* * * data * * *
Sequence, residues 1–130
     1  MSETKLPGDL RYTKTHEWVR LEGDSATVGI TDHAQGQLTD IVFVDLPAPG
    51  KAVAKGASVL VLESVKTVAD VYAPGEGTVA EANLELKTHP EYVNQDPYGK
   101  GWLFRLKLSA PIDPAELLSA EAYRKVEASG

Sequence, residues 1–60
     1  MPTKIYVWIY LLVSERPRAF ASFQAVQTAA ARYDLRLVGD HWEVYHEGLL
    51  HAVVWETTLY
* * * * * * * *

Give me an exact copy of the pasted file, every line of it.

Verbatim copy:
Sequence, residues 1–130
     1  MSETKLPGDL RYTKTHEWVR LEGDSATVGI TDHAQGQLTD IVFVDLPAPG
    51  KAVAKGASVL VLESVKTVAD VYAPGEGTVA EANLELKTHP EYVNQDPYGK
   101  GWLFRLKLSA PIDPAELLSA EAYRKVEASG

Sequence, residues 1–60
     1  MPTKIYVWIY LLVSERPRAF ASFQAVQTAA ARYDLRLVGD HWEVYHEGLL
    51  HAVVWETTLY